This section is from "The Horticulturist, And Journal Of Rural Art And Rural Taste", by P. Barry, A. J. Downing, J. Jay Smith, Peter B. Mead, F. W. Woodward, Henry T. Williams. Also available from Amazon: Horticulturist and Journal of Rural Art and Rural Taste.
Ges-neriaceae. A superb stove plant, introduced by Mr, Bull. It was discovered during the Brazilian travels of the present Emperor of Mexico (Maximilian I.), and is named in honor of the Empress of Mexico. It is a small under shrub, the leaves opposite, four to six inches long, oblong lanceolate, bluish green above, bright red purple below. Flowers solitary, corolla an inch and a half long, white. Will be highly esteemed for its handsome foliage and elegant flowers.
Two opposite leaves upon the flower stalk is the most prominent distinction between this and the preceding.
As we leave the vale already loaded, but not burdened, with our collection, we will direct our course through the open woods, towards yonder rocky and half exposed ledges. We may find on our way the little starry white blossoms of the
A correspondent reminds us, regarding the Ampelopsis bipinnata, that in Torrey and Gray's Flora of North America, the Ampelopsis bipinnata of Michaux is given as Vitis bipinnata. It grows in damp, rich soils, from Virginia to Georgia, and west to Arkansas. Stem upright, or somewhat twining. Berries globose, as large as a small pea, blackish when ripe, and slightly hairy; a much handsomer plant than the A, hederacea.
The Ampelopsis cordata is the Vitis Indivisa of Torrey and Gray's Flora. It has a cordate, somewhat three-lobed leaf, three to four inches broad, and coarsely serrate. It grows in swamps, in the Southern States, and west to Louisiana and Arkansas. It has a long, twining, smooth stem, and a berry a little larger than a pepper-corn.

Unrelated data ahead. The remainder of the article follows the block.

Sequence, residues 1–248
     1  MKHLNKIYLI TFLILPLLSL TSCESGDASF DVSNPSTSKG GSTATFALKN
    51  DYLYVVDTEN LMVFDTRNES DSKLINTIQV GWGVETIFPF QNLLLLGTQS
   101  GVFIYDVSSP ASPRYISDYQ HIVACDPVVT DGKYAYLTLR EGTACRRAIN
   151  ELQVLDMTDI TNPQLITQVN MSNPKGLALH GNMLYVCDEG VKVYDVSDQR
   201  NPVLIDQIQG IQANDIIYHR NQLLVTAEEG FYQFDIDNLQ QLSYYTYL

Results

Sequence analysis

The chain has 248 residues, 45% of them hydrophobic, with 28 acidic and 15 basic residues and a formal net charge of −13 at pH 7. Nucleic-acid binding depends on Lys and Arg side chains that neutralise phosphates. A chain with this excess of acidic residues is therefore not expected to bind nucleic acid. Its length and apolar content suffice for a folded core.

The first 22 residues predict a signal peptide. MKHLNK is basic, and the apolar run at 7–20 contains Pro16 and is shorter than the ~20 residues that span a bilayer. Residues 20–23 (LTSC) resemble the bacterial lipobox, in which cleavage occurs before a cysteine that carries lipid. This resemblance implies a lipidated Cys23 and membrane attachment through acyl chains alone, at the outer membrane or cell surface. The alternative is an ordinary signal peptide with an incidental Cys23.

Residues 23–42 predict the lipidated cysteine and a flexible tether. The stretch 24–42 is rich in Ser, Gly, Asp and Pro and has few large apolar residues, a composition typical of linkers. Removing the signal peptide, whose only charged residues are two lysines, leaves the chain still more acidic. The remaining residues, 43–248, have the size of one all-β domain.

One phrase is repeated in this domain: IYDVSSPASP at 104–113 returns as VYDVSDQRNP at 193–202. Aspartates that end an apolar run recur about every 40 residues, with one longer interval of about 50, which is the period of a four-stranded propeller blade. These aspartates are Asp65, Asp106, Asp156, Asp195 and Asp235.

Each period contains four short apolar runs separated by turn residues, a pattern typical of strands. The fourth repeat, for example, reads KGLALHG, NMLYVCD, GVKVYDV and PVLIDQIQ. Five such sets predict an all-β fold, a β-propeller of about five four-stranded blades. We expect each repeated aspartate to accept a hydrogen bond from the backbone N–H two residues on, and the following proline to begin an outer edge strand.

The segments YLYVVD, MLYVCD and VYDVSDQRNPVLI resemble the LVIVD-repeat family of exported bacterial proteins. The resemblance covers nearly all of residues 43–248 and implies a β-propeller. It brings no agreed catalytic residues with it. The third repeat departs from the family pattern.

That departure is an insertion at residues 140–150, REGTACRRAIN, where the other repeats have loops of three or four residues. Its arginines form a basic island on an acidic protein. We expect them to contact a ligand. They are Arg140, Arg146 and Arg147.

Our European readers, and those of our Middle and Southern States, may have noticed, in our advertising pages, last month, an opportunity to provide themselves with seeds of this fine Californian tree. North of Philadelphia, we are doubtful of its hardiness. It is time its character, in this respect, was more generally known. What has been the experience of our friends?
This is an enormous tree in California, and a very beautiful one. It is a very rapid grower. Many good specimens of it stood out here for some four or five winters, during which it was slightly injured, until the last, when they were totally destroyed, save one. This' was the largest, and had its top and all the Bide branches destroyed, but has since grown out finely. It received no protection. This is another illustration of what plants will stand when they attain age. Persons should well protect all these valuable Evergreens until they attain a considerable size; after which the majority will grow well.
Baocata, a little browned, but safe. - Dovaston (weeping), a little browned. - Slogans, uninjured. - Elegantissima, uninjured. - Adpresaa, little touched.
A very pretty and distinct Yew from Japan. Judging from appearance, I should think it would not be larger than a bush. It is very beautiful, but I fear will not prove hardy in this country.
* Paxton's Flower Garden. - Vol. I, p. 58.